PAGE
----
homologue of ZBP1, Vg1RBP, mediate self association (Git and Standart, 2002
). ZBP1 has also been shown to oligomerize via its KH domains (unpublished data), and this property may be a factor in our observations.
Cytoskeleton disruption experiments showed that in primary fibroblasts ZBP1 granules associate mainly with the actin cytoskeleton. Furthermore, the KH domains of ZBP1 were sufficient to maintain this interaction. These findings are consistent with previous observations that β-actin mRNA localization in fibroblasts is a predominantly actin-based process (Sundell and Singer, 1991
; Kislauskis et al., 1993
). Although there have been other observations of actin-based RNA localization (Hill and Gunning, 1993
; Broadus and Doe, 1997
; Long et al., 2000
), the majority of localized RNAs described to date are transported via the microtubule cytoskeleton (Elisha et al., 1995
; Carson et al., 1997
; Bassell et al., 1998
; Havin et al., 1998
; Wilkie and Davis, 2001
). Long distance transport of β-actin mRNA, such as that in neurons, seems to be more dependent on microtubules (Zhang et al., 2001a
), whereas short distance transport and anchoring is believed to rely on microfilaments. Since both systems use ZBP1, it may be a universal linker to either myosin or microtubule-based motors.
Although the motor proteins involved in ZBP1 granule transport remain to be identified, the data presented provide insight as to the mechanism by which ZBP1 connects to the transport machinery. Efficient ZBP1 granule localization to the cell periphery depends on the NH2
-terminal part of ZBP1 containing the RRM domains. Granules formed by most constructs lacking the NH2
terminus were evenly distributed throughout the cytoplasm. We suggest that nonlocalized ZBP1 granules represent localization “incompetent” granules. Presumably, the ZBP1 constructs present in these granules are capable of interacting with the RNA but lack key components necessary for distributing the locasome to the cell periphery. Mislocalization of these granules may be due to defects in targeting, transport, or peripheral anchoring. Similar observations were made for the COOH-terminal KH domains of the human ortholog of ZBP1, IMP1, which formed “immobile aggregates” in NIH-3T3 cells (Nielsen et al., 2002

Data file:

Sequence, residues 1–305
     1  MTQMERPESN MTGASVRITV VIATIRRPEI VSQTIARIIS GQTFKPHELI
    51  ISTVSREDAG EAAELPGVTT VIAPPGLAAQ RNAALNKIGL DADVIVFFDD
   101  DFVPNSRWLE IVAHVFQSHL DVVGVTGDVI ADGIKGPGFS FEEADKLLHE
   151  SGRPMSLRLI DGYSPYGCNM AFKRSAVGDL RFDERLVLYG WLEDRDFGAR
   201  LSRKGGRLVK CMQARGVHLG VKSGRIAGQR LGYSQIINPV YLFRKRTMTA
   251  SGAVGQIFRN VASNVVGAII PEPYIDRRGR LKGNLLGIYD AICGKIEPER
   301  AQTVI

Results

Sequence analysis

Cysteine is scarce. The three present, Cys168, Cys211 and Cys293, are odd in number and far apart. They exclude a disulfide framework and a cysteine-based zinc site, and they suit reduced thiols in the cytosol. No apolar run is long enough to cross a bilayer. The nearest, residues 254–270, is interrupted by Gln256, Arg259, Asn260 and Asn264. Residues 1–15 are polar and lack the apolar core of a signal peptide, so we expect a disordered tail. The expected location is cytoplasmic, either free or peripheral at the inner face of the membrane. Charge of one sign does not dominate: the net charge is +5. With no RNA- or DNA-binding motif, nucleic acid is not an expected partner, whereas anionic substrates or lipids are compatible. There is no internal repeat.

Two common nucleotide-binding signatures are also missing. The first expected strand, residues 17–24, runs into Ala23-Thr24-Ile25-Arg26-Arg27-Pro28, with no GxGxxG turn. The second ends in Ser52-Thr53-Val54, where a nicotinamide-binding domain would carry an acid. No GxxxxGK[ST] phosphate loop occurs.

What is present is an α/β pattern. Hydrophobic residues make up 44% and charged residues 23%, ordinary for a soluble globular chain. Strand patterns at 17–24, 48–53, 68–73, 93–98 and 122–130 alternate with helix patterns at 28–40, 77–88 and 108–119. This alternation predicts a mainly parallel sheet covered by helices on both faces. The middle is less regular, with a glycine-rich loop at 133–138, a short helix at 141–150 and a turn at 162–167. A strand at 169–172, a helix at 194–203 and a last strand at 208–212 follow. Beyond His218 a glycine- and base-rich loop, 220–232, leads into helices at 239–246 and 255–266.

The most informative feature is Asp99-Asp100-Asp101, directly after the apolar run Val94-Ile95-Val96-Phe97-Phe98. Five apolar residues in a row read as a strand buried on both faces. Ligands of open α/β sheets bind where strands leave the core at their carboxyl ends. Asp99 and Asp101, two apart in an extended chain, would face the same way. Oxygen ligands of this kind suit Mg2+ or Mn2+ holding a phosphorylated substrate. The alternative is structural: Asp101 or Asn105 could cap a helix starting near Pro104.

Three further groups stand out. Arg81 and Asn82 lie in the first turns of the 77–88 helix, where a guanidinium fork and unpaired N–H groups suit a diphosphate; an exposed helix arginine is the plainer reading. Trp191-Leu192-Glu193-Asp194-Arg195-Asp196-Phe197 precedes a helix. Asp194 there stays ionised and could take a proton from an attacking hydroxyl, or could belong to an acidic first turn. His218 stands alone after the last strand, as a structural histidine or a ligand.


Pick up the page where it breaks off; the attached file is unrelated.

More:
). Similarly, overexpression of the RNA binding domain of Staufen (Stau-RBD) alone resulted in inefficient dendritic localization of Stau-RBD granules (Tang et al., 2001
). Together these findings point to a common mechanism where the protein–RNA complex provides a scaffold for mRNP transport. A finer analysis of the NH2
terminus of ZBP1 indicated that 10 amino acids that lie between the two RRM domains (ΔZBP1 [74–576] versus ΔZBP1 [84–576]) enable ZBP1 granule localization. Whether this 10 amino acid region contributes to the overall stability of a critical secondary structure or whether a specific element in that sequence is responsible for granule localization remains to be determined.
ZBP1 and its homologues associate with a variety of localized transcripts (Deshler et al., 1997
; Mueller-Pillasch et al., 1997
; Ross et al., 1997
; Doyle et al., 1998
; Havin et al., 1998
; Nielsen et al., 1999
; Zhang et al., 1999a
). However, conclusive evidence indicating that RNA regulation is a direct result of the function of ZBP1 and its family members is not well documented. A recent publication provides evidence of the role of Vg1RBP in the localization of Vg1
mRNA (Kwon et al., 2002
). However, experimental limitations have made it difficult to prove that the function of these RNA binding proteins is actually required for RNA localization to occur. The data presented here demonstrates that overexpression of the zipcode binding region of ZBP1 (KH1-KH4) and (KH3-KH4) significantly delocalizes β-actin mRNA. Based on the high affinity binding of the KH domains to β-actin mRNA, these overexpressed deletion fragments likely suppress mRNA localization by competing with the endogenous ZBP1 for β-actin. Since the COOH-terminal fragments do not localize, mRNA is sequestered within localization “incompetent” granules.